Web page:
Fb criticizes Apple privateness change in second day of advert blitz

The Facebook logo is displayed on a phone screen.

Jakub Porzycki | NurPhoto via Getty Images

The day after the start of an attack on Apple’s upcoming privacy change, Facebook runs another ad asking consumers to see if they would pay for apps that are currently free.

Facebook on Wednesday ran newspaper ads, launched a new website and posted blog posts setting out the arguments against Apple’s privacy change. It claims “threatens the personalized ads that millions of small businesses rely on to find and reach customers”.

Apple is about to change the settings on users’ iPhones in the name of privacy and fundamentally change the way mobile advertising works on those devices. It takes a privacy option that was previously buried deep in users’ phones and puts that front and center when opening an app. This is expected to have a dramatic impact on the ability of advertisers to target ads the way they were, as users likely won’t choose to.

Facebook has openly spoken out in favor of the change since the announcement in June, accusing Apple of turning the free, ad-supported Internet into paid apps and services that can save Apple 30%.

A new Facebook ad that ran in the Wall Street Journal, New York Times, and Washington Post on Thursday took a different route: content makers must turn to subscriptions to replace lost advertising revenue, and consumers have to pay for what was once free.

“Take your favorite cooking sites or sports blogs,” the ad says. Most of them are free because they advertise. The Apple change will limit the ability to display personalized adverts. To make ends meet, many have to add subscription fees or add more in-app purchases, which makes the Internet a lot becomes more expensive and less. ” high quality free content. ”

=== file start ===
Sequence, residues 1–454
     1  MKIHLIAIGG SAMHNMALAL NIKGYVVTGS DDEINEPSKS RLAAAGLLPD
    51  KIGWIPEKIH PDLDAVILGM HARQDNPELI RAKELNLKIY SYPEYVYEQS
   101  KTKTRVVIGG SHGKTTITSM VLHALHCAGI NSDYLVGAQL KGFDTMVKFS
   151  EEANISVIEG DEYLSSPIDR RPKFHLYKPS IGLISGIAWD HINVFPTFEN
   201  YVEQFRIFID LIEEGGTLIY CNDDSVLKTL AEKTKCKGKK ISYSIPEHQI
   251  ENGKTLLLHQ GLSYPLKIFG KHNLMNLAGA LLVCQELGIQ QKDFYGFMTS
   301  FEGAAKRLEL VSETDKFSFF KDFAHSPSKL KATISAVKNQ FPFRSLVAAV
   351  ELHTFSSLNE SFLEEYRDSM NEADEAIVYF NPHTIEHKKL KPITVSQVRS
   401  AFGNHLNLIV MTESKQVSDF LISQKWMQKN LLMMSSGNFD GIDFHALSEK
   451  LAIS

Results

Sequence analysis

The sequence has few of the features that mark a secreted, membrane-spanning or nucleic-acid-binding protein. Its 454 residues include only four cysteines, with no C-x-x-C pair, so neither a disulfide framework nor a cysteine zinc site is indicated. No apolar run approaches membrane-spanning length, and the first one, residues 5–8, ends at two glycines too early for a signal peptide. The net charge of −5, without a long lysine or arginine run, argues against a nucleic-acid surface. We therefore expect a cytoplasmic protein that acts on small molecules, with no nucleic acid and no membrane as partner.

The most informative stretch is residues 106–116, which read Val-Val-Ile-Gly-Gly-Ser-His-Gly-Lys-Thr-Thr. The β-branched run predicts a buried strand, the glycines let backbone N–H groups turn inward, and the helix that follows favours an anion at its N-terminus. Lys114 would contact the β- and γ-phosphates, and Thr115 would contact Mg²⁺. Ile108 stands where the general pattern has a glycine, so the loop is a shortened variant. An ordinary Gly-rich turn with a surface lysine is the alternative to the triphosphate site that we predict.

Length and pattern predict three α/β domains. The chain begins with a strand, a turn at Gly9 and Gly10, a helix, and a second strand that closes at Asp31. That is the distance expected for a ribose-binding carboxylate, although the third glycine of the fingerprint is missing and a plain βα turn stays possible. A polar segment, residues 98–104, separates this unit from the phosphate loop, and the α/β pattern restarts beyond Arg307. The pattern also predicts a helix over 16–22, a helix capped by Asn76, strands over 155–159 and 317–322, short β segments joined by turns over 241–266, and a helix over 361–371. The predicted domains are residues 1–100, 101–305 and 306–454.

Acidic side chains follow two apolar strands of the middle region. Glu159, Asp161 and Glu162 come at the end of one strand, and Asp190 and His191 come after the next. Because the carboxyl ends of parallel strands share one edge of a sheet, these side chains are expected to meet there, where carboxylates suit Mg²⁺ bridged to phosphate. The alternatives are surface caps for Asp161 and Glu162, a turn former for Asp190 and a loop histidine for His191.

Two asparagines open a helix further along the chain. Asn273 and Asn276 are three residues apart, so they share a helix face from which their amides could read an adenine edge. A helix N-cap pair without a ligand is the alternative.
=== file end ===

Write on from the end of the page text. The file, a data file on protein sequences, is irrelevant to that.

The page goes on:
With Wednesday’s ads, a new page was launched on Facebook for Business that features videos of interviews with business owners speaking out against the ad change. It also includes explanations of what will happen and a “toolkit” for creating posts with the hashtag “#SpeakUpForSmall” to talk about the change.

Apple defended its policy change, saying it was “an easy thing to stand up for our users”.

“Users should know when their data is being collected and shared with other apps and websites – and they should have a choice of whether or not to allow it,” Apple said in a statement it emailed Wednesday. “For the transparency of app tracking in iOS 14, Facebook doesn’t need to change its approach to user tracking and targeted advertising. All that is required is that users have a choice.”

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